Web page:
Your parents don’t hate you, you’re just entitled


Illustration by Hailey Akau

By Hailey Akau, Assistant Multimedia Editor and Magazine Section Editor

Ah, yes, the cool rebellious teen trope. The “nobody understands me” loner with undoubted swagger and a “fuck authority” attitude. A figure that has been adopted and embodied by my peers at Emerson College—and a figure that is, at the end of the day, just an insufferable hipster. 

Don’t get me wrong, I am not the exception. My adolescent years were filled with sass and a desire to be perceived as a baddie by my classmates. It was cool to talk back to your parents and even cooler to ditch school. But that was ten years ago: when we couldn’t watch R-rated movies and when a sip of beer was a rite of passage. 

Now, as twenty-something-year-old college students, it shouldn’t be “cool” to talk shit about your parents—especially not if they are funding your roughly $80K a year education at Emerson College.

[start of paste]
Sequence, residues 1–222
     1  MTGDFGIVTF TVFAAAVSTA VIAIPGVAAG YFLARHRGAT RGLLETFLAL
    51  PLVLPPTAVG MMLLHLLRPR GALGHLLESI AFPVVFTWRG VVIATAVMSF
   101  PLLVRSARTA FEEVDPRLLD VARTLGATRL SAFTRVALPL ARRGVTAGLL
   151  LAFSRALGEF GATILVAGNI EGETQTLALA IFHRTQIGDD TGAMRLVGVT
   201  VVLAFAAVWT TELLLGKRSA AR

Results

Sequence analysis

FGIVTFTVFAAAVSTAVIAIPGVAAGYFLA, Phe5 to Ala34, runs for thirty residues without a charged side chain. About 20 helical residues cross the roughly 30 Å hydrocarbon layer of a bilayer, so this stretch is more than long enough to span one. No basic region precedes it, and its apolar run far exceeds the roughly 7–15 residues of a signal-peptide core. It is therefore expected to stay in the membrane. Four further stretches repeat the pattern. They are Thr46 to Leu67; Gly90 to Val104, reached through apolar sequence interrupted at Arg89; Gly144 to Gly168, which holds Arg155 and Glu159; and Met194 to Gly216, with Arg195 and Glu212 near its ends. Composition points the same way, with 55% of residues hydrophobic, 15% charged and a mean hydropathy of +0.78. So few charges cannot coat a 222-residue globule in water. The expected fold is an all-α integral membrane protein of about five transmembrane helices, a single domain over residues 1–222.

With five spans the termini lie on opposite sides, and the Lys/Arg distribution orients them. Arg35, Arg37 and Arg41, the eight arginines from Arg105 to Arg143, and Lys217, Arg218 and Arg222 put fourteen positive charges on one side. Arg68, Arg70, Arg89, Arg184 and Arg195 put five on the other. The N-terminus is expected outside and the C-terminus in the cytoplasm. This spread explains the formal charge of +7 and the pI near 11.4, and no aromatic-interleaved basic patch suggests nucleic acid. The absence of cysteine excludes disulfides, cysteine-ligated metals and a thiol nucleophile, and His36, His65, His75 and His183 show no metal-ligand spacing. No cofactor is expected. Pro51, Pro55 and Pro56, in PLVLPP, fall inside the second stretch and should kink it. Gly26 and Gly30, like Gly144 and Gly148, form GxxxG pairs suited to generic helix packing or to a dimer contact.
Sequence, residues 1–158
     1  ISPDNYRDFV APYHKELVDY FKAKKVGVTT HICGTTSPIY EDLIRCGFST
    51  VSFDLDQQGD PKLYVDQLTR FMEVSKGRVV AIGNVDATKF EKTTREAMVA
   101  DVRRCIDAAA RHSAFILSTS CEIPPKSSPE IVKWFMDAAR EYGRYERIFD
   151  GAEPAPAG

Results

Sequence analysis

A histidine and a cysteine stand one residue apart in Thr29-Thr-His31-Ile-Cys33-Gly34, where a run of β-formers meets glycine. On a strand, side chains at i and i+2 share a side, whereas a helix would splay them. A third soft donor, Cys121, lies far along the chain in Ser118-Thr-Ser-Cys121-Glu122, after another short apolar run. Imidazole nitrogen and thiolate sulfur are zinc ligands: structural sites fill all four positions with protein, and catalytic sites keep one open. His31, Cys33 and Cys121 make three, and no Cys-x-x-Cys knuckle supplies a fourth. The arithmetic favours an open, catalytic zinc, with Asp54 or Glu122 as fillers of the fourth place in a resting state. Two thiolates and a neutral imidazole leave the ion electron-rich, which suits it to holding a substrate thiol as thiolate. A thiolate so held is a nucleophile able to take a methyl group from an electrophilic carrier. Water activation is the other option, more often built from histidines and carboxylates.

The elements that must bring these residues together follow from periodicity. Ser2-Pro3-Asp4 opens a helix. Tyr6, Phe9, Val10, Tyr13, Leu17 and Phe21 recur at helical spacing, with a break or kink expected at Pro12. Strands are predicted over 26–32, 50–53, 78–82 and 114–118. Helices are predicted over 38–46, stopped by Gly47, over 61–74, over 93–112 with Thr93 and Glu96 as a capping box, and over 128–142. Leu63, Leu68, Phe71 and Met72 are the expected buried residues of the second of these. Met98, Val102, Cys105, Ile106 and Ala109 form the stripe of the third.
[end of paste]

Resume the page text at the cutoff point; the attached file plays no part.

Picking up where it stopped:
Time and again, I have overheard conversations between my fellow Emersonians about how their parents just don’t “get” them. Maybe it’s because of your decision to pursue film or performing arts as a major and career. Maybe it’s the generational divide that prevents them from truly understanding your artistic passions or political viewpoints. Maybe they secretly hate you. 

Or maybe, just maybe, you are entitled. It’s as simple as that.